Recognizing this, perhaps we can better realize why the Jewish Rabbis often spend an inordinate amount of time referring to the good inclination versus the evil inclination in their teachings.[6] Human beings need to choose good over evil! Even those who have recognized the salvation available in the Messiah Yeshua need to be disciplined, so that they can never fall prey to temptation. James the Just gives us a critical admonition we should never forget:

“Who among you is wise and understanding? Let him show by his good behavior his deeds in the gentleness of wisdom. But if you have bitter jealousy and selfish ambition in your heart, do not be arrogant and so lie against the truth. This wisdom is not that which comes down from above, but is earthly, natural, demonic” (James 3:13-15).

Return to Foundation

One of the main reasons that I appreciate studying the Torah, on an annual basis, is because I know it challenges me not only to rest upon the foundation of our faith, but that I have to consider whether or not I have heeded its warnings. Am I going to act like Cain? Will I be able to overcome a culture of sin, representing a culture of righteousness? While there is a tendency at times to want to read a Torah portion like Bereisheet and find some ethereal or symbolic meanings in the Creation, the most important lessons to heed are often staring right at us from the text. How many of us fail to recognize these lessons, and are allowing some kind of sin or ungodliness get the better of us?

As we prepare to begin another year of focusing on the Torah, I encourage you to really seek the Lord and His ways. Do not settle for a mediocre level of spirituality, where you are only looking through the Holy Writ for information. How can you better emulate what the Torah teaches? How can you better understand God’s plan from the beginning, and live forth as His light in a darkened world?

May we all take refuge in Him as we learn not only more about Him, but as we learn to be closer to Him, this year! Let us establish a right foundation, as we aim to accomplish His purposes and shine forth Yeshua’s goodness and salvation in a world marred by sin.

With the joy of celebrating the Fall high holidays and Simchat Torah immediately behind us, we now have the privilege of once again returning to the weekly Torah portions for regular spiritual nourishment. For Messianic Believers such as myself, who have been taking advantage of the discipline of consistent Torah study over the past decade (1995-2005), the arrival at “In the Beginning” presents yet another opportunity to dig deeper into the mysteries of God, but also important lessons for life. Genesis 1:1-3, as we all know, are some of not only the most well-known verses of the Bible, but they present us with a considerable degree of questions to be asked and subjects to be probed:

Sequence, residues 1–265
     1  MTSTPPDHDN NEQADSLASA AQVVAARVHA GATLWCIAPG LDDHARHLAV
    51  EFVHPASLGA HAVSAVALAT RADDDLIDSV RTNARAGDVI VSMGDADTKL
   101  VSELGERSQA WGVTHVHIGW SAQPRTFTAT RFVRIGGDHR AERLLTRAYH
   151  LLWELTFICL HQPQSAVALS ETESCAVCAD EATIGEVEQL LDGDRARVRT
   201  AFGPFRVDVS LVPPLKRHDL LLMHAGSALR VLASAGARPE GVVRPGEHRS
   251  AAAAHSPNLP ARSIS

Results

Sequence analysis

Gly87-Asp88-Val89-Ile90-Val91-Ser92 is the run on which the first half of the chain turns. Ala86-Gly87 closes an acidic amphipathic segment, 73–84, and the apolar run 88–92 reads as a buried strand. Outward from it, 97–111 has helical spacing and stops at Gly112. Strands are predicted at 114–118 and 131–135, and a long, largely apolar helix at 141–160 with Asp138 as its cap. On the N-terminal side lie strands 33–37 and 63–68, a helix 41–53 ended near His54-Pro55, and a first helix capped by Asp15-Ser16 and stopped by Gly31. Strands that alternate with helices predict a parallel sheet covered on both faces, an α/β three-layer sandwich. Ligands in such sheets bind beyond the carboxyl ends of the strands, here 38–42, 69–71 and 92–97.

“In the beginning God created the heavens and the earth. The earth was formless and void, and darkness was over the surface of the deep, and the Spirit of God was moving over the surface of the waters. Then God said, ‘Let there be light’; and there was light.”

Also foundational for understanding the Holy Writ is the uniqueness that human beings possess among all of God’s creatures. This is established in Bereisheet when God asserts His intention to make the man and woman in His image:

“Then God said, ‘Let us make humankind in our image, according to our likeness; and let them have dominion over the fish of the sea, and over the birds of the air, and over the cattle, and over all the wild animals of the earth, and over every creeping thing that creeps upon the earth.’ So God created humankind in his image, in the image of God he created them; male and female he created them” (Genesis 1:26-27, NRSV).

Much theological discussion and application has centered around the creation of people in God’s image, b’tzelem Elohim, precisely over human dignity, value, and the distinct abilities that we possess like sentient consciousness, a mind and reason, and complex memory—in contrast to the animals.[1] The Psalmist actually describes that humanity has been created a little lower than God, not a little higher than the animals: